Thursday, November 17, 2011

Mannequin Men 'Mannequin Men'

Just got my first beer coloured vinyl in the form of Mannequin Men's new self titled album on Addenda Records, where the boys really hit their stride with the four piece's most cohesive effort to date. Recorded live at Key Club in Michigan 'Mannequin Men' makes a sludgy start with "Don't Grow", akin to Spacemen 3 or Teenage Fanclub setting the tone for the album. Spirited rhythms cemented at the core allows crunchy guitars to tumble across infectious melodies alongside a rubbery bass, an echo in the vocals lends depth and warmth to the songs that as a whole sound unpolished. And sure enough, you can pick out other influences along the way as their past three albums will attest, Mannequin Men wear their hearts on their sleeves when it comes to revealing inspirations in their songwriting. It's this unfeigned approach and a sense of alliance which best describes the band's personality. Shown further with next track "Flying Blind", a heartfelt number that is earnest and engaging in equal measure. The universally loved "Hobby Girl" is also featured for those of us who missed out on the Hozac Singles club 7" (can anyone hook me up?!!). Some personal highlights are "OK" and "Wake Up Dead" towards the end of the album where things cool off and feel curiously poignant especially with Richards singing "I've got a little bit left in the tank cummon" in closer 'Van'.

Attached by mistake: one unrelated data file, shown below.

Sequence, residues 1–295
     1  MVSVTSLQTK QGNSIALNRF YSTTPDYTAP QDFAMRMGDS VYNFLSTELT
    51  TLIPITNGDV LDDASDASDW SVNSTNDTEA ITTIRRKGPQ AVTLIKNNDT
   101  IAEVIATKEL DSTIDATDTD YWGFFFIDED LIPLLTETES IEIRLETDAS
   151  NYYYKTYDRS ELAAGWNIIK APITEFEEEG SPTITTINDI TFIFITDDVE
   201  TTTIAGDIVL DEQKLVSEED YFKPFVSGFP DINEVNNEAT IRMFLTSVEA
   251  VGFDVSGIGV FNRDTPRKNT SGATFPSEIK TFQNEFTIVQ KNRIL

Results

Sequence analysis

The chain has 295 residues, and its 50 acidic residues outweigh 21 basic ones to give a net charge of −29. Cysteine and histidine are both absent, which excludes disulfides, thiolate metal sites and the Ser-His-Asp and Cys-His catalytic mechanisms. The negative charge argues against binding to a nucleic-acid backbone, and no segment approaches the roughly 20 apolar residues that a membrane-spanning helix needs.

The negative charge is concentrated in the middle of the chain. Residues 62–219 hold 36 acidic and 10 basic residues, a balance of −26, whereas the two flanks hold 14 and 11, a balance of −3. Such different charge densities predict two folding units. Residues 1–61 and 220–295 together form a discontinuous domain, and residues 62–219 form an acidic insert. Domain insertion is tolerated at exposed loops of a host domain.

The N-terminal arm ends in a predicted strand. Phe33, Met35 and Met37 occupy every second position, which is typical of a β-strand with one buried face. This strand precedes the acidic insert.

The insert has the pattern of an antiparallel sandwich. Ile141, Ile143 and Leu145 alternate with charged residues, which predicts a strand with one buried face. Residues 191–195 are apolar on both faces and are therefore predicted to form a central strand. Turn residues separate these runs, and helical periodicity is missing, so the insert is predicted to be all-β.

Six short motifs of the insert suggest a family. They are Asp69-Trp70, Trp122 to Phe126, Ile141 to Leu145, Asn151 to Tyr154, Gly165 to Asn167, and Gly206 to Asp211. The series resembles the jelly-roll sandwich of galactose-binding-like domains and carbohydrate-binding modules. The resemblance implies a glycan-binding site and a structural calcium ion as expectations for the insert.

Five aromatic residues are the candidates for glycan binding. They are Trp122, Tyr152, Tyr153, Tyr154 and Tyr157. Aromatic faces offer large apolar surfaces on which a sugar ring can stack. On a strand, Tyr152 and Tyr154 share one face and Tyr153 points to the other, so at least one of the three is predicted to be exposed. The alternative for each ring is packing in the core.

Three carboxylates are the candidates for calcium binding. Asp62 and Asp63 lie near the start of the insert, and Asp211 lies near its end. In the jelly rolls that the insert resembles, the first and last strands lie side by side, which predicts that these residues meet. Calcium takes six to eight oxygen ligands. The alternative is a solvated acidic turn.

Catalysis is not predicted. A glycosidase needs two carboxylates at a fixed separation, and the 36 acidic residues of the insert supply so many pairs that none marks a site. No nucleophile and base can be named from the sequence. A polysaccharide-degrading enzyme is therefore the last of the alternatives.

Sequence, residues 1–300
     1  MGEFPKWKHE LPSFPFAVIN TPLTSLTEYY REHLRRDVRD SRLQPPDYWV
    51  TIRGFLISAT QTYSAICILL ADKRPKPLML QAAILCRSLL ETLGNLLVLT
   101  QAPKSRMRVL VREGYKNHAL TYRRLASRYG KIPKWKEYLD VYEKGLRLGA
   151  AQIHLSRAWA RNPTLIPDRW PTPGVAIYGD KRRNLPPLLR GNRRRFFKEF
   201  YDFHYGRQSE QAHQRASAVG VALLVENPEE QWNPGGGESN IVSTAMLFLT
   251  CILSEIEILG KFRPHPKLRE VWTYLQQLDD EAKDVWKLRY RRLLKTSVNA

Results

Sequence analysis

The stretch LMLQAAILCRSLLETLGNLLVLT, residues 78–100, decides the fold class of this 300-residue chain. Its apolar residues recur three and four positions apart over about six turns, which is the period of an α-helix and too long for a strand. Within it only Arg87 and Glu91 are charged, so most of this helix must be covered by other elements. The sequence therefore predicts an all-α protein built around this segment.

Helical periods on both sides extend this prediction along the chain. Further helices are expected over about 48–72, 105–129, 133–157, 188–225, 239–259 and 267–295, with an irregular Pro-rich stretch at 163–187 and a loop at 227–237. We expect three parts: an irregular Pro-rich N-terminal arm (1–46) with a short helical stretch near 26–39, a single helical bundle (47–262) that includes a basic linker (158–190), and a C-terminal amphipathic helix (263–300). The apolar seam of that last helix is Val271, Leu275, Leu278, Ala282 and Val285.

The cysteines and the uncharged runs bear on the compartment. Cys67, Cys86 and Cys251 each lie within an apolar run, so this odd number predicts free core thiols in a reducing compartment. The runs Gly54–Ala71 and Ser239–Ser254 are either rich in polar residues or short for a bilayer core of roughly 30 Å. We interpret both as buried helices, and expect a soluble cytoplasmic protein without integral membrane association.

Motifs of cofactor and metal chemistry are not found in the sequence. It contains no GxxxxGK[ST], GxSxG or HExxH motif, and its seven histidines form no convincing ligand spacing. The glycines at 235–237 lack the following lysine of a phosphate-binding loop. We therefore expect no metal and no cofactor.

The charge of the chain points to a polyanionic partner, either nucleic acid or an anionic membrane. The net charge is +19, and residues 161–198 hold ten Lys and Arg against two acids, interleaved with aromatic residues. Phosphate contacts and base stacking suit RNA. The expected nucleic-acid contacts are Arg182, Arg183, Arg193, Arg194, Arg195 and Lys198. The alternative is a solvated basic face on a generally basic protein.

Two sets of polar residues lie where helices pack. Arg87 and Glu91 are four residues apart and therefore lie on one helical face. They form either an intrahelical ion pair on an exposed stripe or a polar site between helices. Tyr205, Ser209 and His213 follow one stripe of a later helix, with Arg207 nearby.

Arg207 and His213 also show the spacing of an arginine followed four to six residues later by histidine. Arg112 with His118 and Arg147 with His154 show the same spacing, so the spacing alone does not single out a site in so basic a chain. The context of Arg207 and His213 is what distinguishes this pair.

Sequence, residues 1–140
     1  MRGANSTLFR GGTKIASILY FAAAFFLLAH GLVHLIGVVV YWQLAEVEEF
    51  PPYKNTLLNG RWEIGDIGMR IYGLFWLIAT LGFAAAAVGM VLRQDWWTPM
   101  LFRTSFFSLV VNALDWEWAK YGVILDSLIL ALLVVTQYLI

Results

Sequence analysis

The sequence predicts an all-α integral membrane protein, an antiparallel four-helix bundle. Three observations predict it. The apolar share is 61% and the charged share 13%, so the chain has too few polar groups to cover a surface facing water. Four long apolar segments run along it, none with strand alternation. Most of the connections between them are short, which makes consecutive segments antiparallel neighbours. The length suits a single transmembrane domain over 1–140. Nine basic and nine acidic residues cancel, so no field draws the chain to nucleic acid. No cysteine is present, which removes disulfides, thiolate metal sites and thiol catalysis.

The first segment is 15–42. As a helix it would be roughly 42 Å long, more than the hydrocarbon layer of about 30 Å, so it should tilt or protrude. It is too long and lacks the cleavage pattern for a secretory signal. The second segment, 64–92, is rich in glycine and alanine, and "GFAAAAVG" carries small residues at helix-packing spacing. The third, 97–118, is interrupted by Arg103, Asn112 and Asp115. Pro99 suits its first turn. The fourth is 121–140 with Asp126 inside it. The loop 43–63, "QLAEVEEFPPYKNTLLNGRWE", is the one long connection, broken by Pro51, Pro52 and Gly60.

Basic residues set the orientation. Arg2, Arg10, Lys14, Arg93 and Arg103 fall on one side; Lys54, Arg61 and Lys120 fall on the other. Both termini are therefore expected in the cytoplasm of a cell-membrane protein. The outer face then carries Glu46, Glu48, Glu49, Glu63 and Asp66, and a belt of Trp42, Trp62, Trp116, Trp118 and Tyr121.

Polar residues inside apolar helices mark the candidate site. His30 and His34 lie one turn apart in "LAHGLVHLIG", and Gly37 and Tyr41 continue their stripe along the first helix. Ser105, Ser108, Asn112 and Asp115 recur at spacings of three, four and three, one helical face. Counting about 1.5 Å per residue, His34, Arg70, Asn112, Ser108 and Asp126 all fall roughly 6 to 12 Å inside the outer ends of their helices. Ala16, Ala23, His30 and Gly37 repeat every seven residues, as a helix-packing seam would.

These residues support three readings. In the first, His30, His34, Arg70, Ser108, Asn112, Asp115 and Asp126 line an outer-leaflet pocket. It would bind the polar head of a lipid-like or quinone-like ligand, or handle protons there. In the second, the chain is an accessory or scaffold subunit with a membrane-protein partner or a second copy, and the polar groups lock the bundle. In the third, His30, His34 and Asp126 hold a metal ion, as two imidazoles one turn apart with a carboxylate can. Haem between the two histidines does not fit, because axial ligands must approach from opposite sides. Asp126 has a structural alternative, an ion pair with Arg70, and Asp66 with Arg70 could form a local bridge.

What sets this album apart from their last few records is how Mannequin Men have refined their sound. The revival of garage rock over the last few years I think has left some bands misunderstood. Don't get me wrong I'm a garage rock lover, but with a genre heavily rooted in aesthetics anything on the surface that fits the mold is too easily pigeonholed sometimes, like 'LoFi' to that end. Mannequin Men may be labeled by some as garage rock but I think looking for something a little deeper makes listening to their songs more rewarding.
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Addenda Records get the album here

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